Irreversible Processes in Ecological Evolution/Population genetics of low-probability transitions
January 30, 2019
2:30 pm - 3:30 pm
Stephen Proulx (UCSB)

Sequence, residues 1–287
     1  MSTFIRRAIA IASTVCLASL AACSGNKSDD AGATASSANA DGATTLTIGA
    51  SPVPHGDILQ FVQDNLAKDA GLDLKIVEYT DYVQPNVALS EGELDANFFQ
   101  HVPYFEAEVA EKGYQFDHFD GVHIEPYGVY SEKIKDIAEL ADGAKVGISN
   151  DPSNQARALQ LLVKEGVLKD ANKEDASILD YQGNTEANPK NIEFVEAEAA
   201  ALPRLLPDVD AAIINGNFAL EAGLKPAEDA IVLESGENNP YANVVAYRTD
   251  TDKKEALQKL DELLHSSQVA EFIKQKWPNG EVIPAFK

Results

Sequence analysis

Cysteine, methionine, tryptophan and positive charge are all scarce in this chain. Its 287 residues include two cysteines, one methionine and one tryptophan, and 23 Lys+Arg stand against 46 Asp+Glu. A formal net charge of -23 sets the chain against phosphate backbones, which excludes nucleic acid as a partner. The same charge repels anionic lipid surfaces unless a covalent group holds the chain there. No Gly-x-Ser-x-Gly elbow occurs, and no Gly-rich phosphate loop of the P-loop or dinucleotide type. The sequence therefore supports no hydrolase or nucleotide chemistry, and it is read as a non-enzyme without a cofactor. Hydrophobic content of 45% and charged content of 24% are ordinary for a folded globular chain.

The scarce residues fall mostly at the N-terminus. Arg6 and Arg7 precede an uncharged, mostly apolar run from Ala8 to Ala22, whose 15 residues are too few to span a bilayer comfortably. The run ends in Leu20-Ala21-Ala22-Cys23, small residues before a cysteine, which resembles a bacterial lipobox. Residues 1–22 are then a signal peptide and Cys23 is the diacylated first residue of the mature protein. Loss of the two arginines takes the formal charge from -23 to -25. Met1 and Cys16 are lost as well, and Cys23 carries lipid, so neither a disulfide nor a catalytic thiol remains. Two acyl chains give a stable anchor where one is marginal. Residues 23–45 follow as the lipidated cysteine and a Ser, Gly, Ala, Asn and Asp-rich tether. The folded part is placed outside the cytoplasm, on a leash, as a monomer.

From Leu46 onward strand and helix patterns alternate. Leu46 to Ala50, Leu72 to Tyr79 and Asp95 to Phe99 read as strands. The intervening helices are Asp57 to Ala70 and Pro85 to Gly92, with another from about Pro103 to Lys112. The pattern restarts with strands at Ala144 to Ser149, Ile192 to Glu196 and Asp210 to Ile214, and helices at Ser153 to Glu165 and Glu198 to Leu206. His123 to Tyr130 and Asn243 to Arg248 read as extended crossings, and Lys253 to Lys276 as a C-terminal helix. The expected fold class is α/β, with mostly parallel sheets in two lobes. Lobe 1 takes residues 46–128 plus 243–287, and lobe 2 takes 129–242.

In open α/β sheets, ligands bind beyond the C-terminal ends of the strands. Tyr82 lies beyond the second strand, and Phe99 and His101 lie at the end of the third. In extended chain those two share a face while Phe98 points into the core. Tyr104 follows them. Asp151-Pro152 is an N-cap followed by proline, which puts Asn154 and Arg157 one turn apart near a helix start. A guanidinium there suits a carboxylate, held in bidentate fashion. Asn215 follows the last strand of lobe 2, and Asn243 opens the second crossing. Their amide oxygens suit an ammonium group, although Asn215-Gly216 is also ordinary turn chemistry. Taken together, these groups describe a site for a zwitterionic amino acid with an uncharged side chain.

I will discuss several examples from population genetics and adaptive dynamics where the probability for a transition between “equilibrium” states is very low. These situations can occur when stochastic environmental conditions create scenarios with alternate stable states that can only be invaded by mutations of large effect, for instance in scenarios with overlapping generations and lottery competition. In a similar vein, when mutations of small effect cause intermediate phenotypes with low fitness, transitions can be rare. Another type of transition involves feedback between the environment and the distribution of population phenotypes, for example in terms of the evolution of mating preferences in combination with the evolution of ecological specialization. Yet another scenario occurs when multiple independent mutations are required to cross an “adaptive valley”. This has parallels in ecological theory, for example with the invasion of novel habitats (e.g. zoonotic diseases). I will encourage discussion of how these different concepts and modes of analysis may be extended to situations with eco-evo feedbacks.